I posted a shot on Instragram a few days ago of a recent trip to Peru (April/May 2013), and I had a lot of responses asking to post about how I travel so much and tips on how to do it. The most common question I get asked is “How do you afford it all?” Travel is one of my favorite topics so I am more than happy to share my ‘secrets’!
My travel diary at a glance is as follows:
Besides vacations with family and friends to Mexico, I had never been out of the country until I was 21 years old. I am now 28 and have been to 31 countries in total. I was always obsessed with traveling. Ever since I was 13, I would get National Geographic Adventure along with my Vogue in the mail every month. I would devour it, keeping every issue and planning all of my fantasy trips to places like Antarctica and Mt. Everest, and the Amazon Jungle. It didn’t matter where it was, I wanted to go. I am still very much like this. The world fascinates me, and I want to explore all of it.
This desire can be quite hard to realize without a pilot’s license or a trust fund I was told, of which I have neither. Undaunted, I made a deal with my father that if I graduated one semester early from college, I could study abroad. So I did, leaving ASU in 3.5 years so that during my time there, I could go with my best friend to Europe for a summer and study in Paris. While we were there, we stayed 2 months after our courses were over to backpack through France, Spain, Italy and Greece.
It was amazing. I was hooked. A whole new culture had been opened up to me.
No, Im not referring to the French culture, which I had become so fond of, or the Spanish or Italian cultures. I am referring to the international culture of backpacking. Here in the States, it is common to hear tales of adventures while backpacking through Europe. It has come to be known as a rite of passage for a fortunate few after college. However, this culture extends well beyond Europe and well beyond the trust fund babies of America. It is much more widely known by non-Americans than Americans. It is not sketchy. You don’t have to sleep in tents or outside train stations (unless, of course, you want to).
Backpackers are generally 19-28 year old young adults from all around the world. There are always exceptions to this rule, and no age to too old to travel this way. The average trip length is about 4 months, oftentimes extending to a year or more. It is very common to do a trip like this alone, and because of this, people are incredibly open and welcoming. Making a lifelong friend in a day is about as common as asking to borrow some sunscreen. And about as easy too.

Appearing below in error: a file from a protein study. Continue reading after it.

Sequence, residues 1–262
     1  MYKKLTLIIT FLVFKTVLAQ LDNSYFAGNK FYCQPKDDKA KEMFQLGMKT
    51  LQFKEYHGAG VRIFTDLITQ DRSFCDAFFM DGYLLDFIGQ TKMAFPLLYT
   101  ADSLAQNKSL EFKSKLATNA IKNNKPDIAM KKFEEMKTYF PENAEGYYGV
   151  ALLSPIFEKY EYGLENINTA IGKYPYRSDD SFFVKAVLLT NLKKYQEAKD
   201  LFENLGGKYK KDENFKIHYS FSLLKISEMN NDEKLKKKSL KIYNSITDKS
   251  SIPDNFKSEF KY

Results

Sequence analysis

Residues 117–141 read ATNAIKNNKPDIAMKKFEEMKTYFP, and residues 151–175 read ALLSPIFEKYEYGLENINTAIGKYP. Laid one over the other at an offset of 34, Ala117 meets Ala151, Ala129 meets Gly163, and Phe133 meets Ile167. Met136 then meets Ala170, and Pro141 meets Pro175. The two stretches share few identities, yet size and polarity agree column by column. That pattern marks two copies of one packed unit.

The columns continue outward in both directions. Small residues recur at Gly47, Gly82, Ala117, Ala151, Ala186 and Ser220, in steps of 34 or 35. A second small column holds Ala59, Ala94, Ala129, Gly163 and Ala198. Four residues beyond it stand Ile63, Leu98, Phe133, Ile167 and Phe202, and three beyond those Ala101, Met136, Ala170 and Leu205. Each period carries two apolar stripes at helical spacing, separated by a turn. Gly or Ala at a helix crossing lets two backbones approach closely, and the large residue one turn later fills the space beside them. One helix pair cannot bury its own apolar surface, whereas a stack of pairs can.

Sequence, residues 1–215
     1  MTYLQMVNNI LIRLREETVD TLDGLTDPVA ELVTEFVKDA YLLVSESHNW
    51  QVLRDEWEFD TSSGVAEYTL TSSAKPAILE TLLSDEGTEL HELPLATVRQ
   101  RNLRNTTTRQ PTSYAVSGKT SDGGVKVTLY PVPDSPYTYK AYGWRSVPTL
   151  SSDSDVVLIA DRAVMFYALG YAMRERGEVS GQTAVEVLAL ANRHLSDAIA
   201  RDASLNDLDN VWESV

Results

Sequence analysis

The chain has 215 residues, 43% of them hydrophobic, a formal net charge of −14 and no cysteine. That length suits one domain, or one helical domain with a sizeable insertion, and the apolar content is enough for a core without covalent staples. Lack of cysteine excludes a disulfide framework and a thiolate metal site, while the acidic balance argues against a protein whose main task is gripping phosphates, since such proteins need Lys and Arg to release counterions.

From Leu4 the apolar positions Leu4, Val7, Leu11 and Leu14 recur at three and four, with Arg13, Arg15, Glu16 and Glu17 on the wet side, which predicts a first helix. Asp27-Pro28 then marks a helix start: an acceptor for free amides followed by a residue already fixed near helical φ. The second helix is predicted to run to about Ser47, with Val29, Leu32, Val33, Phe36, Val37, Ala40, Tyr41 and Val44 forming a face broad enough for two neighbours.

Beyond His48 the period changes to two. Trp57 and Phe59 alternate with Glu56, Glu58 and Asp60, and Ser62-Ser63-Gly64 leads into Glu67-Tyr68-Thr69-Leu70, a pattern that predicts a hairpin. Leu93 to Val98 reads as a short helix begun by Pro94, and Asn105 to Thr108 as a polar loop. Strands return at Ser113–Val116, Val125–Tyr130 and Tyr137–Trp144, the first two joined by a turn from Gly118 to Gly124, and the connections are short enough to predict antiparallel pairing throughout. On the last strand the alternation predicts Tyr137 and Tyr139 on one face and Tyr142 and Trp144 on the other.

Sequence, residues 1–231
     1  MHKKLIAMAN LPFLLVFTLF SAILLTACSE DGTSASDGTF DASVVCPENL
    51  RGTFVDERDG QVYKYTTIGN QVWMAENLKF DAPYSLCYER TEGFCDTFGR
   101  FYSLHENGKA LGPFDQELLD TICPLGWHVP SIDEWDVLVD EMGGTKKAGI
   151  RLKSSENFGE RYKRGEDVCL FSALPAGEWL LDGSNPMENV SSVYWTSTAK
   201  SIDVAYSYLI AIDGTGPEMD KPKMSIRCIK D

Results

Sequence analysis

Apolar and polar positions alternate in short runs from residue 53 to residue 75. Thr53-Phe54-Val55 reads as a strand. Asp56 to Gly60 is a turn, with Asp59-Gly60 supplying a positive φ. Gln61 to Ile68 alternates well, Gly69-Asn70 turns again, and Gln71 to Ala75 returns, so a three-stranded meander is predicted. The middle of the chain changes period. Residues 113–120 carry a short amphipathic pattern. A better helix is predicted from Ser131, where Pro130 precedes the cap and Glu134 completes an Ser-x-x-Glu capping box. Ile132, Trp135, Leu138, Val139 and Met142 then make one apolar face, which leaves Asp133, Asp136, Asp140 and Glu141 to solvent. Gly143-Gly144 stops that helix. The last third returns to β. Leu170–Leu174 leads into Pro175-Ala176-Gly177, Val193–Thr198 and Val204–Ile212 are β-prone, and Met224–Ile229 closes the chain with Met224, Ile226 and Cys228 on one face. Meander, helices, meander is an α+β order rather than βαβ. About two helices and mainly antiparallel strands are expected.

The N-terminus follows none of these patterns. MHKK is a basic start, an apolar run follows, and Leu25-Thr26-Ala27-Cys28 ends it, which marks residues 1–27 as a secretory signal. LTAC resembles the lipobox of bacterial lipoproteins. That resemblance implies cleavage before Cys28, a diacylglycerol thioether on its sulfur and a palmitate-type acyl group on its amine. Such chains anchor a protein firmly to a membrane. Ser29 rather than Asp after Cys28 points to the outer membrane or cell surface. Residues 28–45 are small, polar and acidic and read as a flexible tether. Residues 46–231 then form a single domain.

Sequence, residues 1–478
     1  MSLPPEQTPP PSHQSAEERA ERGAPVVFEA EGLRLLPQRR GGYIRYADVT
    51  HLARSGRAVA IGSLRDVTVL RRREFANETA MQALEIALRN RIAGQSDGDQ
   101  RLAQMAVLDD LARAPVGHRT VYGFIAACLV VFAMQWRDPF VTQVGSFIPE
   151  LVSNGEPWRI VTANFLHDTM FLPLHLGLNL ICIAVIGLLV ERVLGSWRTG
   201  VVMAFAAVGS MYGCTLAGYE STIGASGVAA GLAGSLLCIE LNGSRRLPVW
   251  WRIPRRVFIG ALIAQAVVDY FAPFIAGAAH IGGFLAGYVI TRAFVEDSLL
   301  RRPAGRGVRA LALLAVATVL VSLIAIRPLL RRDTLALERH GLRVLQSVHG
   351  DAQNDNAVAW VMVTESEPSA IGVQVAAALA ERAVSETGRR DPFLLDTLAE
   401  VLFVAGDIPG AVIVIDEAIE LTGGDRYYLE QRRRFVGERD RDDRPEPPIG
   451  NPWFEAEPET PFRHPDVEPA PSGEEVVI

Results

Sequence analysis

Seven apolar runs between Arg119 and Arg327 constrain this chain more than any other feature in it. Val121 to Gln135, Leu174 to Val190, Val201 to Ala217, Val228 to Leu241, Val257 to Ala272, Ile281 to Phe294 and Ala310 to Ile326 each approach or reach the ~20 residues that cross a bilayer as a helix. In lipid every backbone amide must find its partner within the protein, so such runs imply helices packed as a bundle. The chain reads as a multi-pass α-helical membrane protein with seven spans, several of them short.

For me, once I realized that this culture of people existed, that I wasn’t alone in having the desire to explore but with a limited bank account, the whole world opened up. Nothing was off limits anymore.
I have been on 5 backpacking trips in my life. The longest being 3.5 months and the shortest 2 weeks (which I am not sure actually qualifies as anything but a really rough vacation). Here are a few things I have learned along the way:
It is not as expensive as you think. Although, it can be terribly hard to accurately budget for a trip like this. Just to give you an idea, I think I spent roughly $10,000 on my 3.5 month long trip though 6 countries and I did everything I wanted to do. This includes all plane tickets, lodging, meals, excursions, sailing trips, shopping, you name it. I even got PADI open water scuba certified during this time and in this budget.
This comes out to an average of $2,857 per month. However, I sublet my apartment, so I wasn’t paying rent at the time. Just think about how much you spend every week going out to dinner, to the bars, and shopping on average. So $2,857 isn’t really all that much. Also, take into account 1 month of this was in Australia, which is a very expensive country to backpack. I remember taking a $21 tequila shot at some bar there. Crazy!! If I had stayed in Asia, which is where the first half of the trip was, I bet I could have done the whole thing for $6,500, probably even less.
To budget, you really need to do your research, as it varies so widely from region to region. For example, the average hostel price in Sydney, Australia is $35 USD per night for a bed in a dorm room while the average price in Vang Vieng, Laos is $6 USD per night for a private room. If you are staying for 3 months, the difference between $6 and $35 per night is going to make a huge difference. Also, factor in the price of everything you buy. A sandwich is Vang Vieng is also much less expensive than a sandwich in Sydney.